"If you remember when the iPod was introduced, a lot of people said, "Why would anybody pay $399 for an MP3 player?" And when iPhone was announced, it was, "Is anybody gonna pay" - whatever it was at that time-"for an iPhone?" The iPad went through the same thing. We have a pretty good track record of giving people something that they may not have known that they wanted.

Although Apple has been very successful with earlier devices, HomePod faces quite a unique situation. It will have to make inroads in a category which is already saturated by a must-have product by a company which has huge resources and is known for long-term planning. We also must look at the evolution of home entertainment as both the companies are aggressively pursuing original content development.

The bigger picture

Both Apple and Amazon are plowing huge amounts in development of original content. Eventually Apple might hope that HomePod is only the beginning in the creation of an entire home entertainment ecosystem. Both Apple and Amazon have their advantages in this pursuit. Amazon already has a decent penetration of Prime membership and would have planted its feet strongly with significant penetration of Echo devices. It also has a big lead in the development of original content (having spent an estimated $3 billion on it in 2016) which tied with prime membership becomes a good purchase for potential customers.

Apple's biggest advantage is the brand power and the huge cash reserves. Apple can either take a big leap and buy a major media company or organically develop content which is the current strategy. Eventually it would like to have an ecosystem of products, services and content which can be a strong moat against any competitor. Although Apple is behind in both launch of the product and development of content, it still has a strong fan base which can help it in overcoming some of the disadvantages.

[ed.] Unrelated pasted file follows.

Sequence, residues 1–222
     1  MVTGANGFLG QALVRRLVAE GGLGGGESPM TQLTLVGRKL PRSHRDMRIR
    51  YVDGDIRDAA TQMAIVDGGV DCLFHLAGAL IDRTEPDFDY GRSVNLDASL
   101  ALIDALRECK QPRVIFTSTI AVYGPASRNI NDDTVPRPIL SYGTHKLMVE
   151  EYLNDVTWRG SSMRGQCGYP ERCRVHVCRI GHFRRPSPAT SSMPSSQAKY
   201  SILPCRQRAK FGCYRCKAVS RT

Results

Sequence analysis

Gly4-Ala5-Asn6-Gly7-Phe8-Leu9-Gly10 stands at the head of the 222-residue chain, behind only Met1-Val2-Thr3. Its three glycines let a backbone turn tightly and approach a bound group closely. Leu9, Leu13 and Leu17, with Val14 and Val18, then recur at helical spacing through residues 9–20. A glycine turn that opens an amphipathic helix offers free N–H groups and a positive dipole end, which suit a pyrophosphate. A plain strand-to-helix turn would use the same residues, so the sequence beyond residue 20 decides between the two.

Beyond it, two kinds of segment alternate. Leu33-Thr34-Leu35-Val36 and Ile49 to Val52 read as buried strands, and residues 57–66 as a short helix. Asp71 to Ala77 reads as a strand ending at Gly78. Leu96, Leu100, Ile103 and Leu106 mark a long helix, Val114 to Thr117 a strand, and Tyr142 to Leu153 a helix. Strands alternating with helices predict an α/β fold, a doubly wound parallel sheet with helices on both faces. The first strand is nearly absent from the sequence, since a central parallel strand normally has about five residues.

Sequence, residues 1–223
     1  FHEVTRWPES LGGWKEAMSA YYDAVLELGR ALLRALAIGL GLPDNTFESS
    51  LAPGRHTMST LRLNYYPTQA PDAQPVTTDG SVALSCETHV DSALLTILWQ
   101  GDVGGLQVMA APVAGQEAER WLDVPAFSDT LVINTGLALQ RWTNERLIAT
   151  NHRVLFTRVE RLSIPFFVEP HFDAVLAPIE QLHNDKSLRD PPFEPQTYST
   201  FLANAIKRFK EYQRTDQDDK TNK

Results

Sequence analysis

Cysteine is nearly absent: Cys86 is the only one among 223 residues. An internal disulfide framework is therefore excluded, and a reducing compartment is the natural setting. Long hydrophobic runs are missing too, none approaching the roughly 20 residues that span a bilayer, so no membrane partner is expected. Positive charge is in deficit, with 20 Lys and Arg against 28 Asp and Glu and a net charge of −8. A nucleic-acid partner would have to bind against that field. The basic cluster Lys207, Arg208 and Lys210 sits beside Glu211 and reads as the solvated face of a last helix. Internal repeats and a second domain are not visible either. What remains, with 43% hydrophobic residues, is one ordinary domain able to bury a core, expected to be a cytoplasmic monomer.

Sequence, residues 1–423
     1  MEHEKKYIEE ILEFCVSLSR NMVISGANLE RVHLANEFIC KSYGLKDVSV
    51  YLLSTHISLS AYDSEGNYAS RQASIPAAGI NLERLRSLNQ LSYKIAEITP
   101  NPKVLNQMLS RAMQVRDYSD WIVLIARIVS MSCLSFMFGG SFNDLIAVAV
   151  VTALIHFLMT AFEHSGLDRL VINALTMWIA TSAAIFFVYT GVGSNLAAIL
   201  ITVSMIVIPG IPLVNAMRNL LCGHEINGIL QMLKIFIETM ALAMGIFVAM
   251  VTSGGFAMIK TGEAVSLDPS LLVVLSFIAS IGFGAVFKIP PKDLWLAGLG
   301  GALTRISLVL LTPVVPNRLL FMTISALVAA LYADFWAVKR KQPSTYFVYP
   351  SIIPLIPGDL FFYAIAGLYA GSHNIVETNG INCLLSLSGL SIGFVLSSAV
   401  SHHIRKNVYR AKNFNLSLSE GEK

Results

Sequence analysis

Apple also is facing higher competition against iPhone in China and other emerging markets. iPhone contributes over 60% of its total annual revenue. Hence Apple needs to diversify to other products and services to shield itself from a possible stagnation or decline in iPhone sales. Home entertainment is a big category which will see a large number of products added over the next few quarters. By building a strong home entertainment ecosystem Apple will not only improve the revenue base but also create bullish sentiment for its stock.

Investor Takeaway

A big part of Apple's future success depends on creating a strong ecosystem in the home entertainment category. Amazon already has created a substantial lead by increasing its Prime membership, creating original content and aggressively selling Echo devices. HomePod is facing a more difficult market environment than earlier Apple products. A poor reception of HomePod in the holiday season will have far reaching negative impact on Apple's stock and can create more pressure on the management to undertake bigger acquisitions. Investors should focus on sales of HomePod this holiday season besides other Apple products.

Disclosure: I/we have no positions in any stocks mentioned, and no plans to initiate any positions within the next 72 hours.

I wrote this article myself, and it expresses my own opinions. I am not receiving compensation for it (other than from Seeking Alpha). I have no business relationship with any company whose stock is mentioned in this article.